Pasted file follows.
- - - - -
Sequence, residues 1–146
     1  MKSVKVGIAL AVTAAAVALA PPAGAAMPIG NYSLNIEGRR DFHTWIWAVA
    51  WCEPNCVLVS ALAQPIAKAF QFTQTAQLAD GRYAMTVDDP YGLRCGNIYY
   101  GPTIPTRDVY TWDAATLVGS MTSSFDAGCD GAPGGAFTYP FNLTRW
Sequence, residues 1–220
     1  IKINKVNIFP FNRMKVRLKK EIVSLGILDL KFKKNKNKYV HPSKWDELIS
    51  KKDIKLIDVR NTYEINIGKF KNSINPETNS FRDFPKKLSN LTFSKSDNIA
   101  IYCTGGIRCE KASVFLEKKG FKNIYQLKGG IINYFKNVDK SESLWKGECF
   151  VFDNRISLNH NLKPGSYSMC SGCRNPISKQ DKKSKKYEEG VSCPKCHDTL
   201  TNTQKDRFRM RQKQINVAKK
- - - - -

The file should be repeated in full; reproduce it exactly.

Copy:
Sequence, residues 1–146
     1  MKSVKVGIAL AVTAAAVALA PPAGAAMPIG NYSLNIEGRR DFHTWIWAVA
    51  WCEPNCVLVS ALAQPIAKAF QFTQTAQLAD GRYAMTVDDP YGLRCGNIYY
   101  GPTIPTRDVY TWDAATLVGS MTSSFDAGCD GAPGGAFTYP FNLTRW
Sequence, residues 1–220
     1  IKINKVNIFP FNRMKVRLKK EIVSLGILDL KFKKNKNKYV HPSKWDELIS
    51  KKDIKLIDVR NTYEINIGKF KNSINPETNS FRDFPKKLSN LTFSKSDNIA
   101  IYCTGGIRCE KASVFLEKKG FKNIYQLKGG IINYFKNVDK SESLWKGECF
   151  VFDNRISLNH NLKPGSYSMC SGCRNPISKQ DKKSKKYEEG VSCPKCHDTL
   201  TNTQKDRFRM RQKQINVAKK